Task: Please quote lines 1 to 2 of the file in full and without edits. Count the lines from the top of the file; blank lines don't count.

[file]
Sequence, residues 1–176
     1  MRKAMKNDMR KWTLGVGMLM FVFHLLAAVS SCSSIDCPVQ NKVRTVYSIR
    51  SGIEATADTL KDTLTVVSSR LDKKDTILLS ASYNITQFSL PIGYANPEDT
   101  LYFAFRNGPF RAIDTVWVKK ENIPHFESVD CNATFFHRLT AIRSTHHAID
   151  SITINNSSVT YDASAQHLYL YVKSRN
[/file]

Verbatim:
Sequence, residues 1–176
     1  MRKAMKNDMR KWTLGVGMLM FVFHLLAAVS SCSSIDCPVQ NKVRTVYSIR